By Chris Terrell, Information Technology Department Manager
Really, how bad can one errant click be?
OK, maybe you get a virus on your computer and somebody from IT has to fix it while you use a loaner. Maybe some files have to be restored. It is not the end of the world, right? These things happen… All. The. Time.
Fair enough, computer viruses happen all the time. Sometimes it can feel like white noise after a while, something we have all learned to live with.
Then again, maybe an errant click can become a nine figure mistake. Not four figures, not six figures, NINE figures. As in hundreds of millions lost. Sound far-fetched? Not if you are an employee at Yahoo. As you may have read in recent months, Yahoo suffered from a massive data breach. More than one billion Yahoo accounts were compromised. Keiter addressed the data breach incident in a previous article.
What no one knew in 2016 was how the data was obtained. You may be thinking it was a sophisticated breach of systems, a complicated internal attack that bypassed the best physical and logical security an enormous company like Yahoo could muster. Real cloak-and-dagger stuff.
The answer revealed recently is not as glamorous.
Attackers breached Yahoo using regular old social engineering—the most effective weapon a cyber-criminal has in their tool kit.
That social engineering took the form of a spear-phishing email, the sort of email we have all been receiving for years now. The difference? A decade ago we all received the 'Nigerian Prince' email or something similar, the sort that was so laughably bad almost no one fell for it (which was the point, attackers were targeting the most naïve segment of the population).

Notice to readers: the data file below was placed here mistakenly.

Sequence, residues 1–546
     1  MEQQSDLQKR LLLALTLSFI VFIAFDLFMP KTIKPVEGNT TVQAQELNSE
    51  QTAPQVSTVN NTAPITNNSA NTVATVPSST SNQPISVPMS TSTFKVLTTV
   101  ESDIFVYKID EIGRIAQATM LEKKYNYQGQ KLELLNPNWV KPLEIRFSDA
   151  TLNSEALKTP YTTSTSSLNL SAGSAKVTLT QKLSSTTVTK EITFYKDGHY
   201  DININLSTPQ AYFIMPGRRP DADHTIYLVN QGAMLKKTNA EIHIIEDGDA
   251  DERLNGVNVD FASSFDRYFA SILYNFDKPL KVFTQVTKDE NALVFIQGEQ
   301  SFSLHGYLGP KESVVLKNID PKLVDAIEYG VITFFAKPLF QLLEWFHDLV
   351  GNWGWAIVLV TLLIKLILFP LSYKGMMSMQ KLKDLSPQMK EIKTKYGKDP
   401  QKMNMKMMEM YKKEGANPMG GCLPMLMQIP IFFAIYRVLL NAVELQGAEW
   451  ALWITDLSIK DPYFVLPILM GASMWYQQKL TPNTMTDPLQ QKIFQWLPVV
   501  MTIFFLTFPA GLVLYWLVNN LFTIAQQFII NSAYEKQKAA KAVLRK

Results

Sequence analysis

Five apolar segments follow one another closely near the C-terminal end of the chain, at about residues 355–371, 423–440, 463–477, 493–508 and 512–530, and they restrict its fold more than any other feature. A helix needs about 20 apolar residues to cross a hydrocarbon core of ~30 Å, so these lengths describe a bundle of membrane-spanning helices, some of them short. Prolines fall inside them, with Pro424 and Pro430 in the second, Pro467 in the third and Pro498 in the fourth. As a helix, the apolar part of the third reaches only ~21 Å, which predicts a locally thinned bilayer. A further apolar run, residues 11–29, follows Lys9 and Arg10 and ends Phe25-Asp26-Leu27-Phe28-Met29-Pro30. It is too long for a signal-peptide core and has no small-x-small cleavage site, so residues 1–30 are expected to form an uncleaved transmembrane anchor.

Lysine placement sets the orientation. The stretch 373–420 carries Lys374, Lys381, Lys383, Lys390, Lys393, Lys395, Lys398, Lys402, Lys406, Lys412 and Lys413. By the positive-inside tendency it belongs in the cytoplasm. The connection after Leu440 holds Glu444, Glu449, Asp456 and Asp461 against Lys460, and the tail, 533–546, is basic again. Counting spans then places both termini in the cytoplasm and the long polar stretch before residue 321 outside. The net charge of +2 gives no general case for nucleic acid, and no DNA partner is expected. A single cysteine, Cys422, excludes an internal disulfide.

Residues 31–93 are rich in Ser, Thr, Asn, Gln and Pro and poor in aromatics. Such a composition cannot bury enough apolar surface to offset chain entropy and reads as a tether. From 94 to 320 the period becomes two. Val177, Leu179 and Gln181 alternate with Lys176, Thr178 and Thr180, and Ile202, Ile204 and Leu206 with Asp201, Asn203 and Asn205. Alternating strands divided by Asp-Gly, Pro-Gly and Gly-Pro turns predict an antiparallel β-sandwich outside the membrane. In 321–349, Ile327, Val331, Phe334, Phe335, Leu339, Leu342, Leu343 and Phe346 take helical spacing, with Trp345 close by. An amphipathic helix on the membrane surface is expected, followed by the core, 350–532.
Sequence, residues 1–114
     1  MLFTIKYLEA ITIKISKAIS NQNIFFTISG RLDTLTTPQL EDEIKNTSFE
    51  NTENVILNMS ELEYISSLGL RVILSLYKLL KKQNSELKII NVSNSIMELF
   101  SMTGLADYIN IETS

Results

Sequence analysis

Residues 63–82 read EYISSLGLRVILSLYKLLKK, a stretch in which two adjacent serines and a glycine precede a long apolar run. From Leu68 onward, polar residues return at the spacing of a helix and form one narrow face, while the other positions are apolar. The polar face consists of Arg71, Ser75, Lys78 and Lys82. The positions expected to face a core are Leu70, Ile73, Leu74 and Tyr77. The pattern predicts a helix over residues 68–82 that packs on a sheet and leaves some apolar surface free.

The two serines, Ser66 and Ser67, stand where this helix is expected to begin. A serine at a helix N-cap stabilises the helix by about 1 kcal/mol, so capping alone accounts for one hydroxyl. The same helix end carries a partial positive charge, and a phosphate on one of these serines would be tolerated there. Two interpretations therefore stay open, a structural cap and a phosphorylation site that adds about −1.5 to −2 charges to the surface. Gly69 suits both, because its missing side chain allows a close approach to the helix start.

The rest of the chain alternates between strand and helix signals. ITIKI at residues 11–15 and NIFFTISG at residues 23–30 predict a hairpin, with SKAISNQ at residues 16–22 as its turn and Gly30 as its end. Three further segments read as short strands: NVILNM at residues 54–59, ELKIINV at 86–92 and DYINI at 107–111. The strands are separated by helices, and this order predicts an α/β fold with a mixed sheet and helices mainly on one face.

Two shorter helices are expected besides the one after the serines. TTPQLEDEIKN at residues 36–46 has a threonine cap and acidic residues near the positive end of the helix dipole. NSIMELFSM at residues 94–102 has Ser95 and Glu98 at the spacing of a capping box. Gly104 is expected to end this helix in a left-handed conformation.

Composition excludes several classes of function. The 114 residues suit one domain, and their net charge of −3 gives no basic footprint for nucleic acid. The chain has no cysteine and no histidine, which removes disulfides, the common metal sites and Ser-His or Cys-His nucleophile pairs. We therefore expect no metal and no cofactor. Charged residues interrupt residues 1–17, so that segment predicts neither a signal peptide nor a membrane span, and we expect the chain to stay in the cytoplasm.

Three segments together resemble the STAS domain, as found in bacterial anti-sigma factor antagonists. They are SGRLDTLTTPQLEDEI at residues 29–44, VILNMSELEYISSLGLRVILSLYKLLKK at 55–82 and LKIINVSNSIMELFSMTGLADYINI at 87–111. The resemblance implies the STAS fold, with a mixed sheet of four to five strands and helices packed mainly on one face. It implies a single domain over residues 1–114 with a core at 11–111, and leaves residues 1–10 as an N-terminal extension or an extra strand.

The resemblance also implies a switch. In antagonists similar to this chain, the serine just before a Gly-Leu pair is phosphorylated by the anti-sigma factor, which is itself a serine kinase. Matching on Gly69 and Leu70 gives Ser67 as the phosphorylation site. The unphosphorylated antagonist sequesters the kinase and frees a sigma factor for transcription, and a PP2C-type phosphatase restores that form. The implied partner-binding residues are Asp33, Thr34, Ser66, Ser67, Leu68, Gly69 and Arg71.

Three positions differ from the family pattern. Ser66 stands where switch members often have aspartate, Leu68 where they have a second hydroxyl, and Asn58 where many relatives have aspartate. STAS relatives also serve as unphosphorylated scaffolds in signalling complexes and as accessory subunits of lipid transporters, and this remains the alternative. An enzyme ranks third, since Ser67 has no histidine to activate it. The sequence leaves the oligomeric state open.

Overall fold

Not so today. Today spear-phishing emails look very real, and almost everyone can be fooled by them if they are careless. Once a user at Yahoo clicked on that bogus email, they essentially opened a door hackers simply walked through to gain access to Yahoo data.
The moral of the story?
For many companies there is no asset more valuable than their data. In Yahoo’s case that mistake has a price tag of approximately 250 million dollars, the amount of money Verizon is reported to have taken from the amount offered to purchase Yahoo.
It does not matter how good a firm’s network security is if users are not properly trained to spot a well-crafted and completely bogus email. Companies cannot solely depend on the IT department to safeguard data, it has become the responsibility of everyone in the firm.
The first line of defense and the first vector of attack is the end user, so an effective cybersecurity awareness training program combined with robust network defenses are an essential part of the landscape in today’s office environment.
The information contained within this article is provided for informational purposes only and is current as of the date published. Online readers are advised not to act upon this information without seeking the service of a professional accountant, as this article is not a substitute for obtaining accounting, tax, or financial advice from a professional accountant.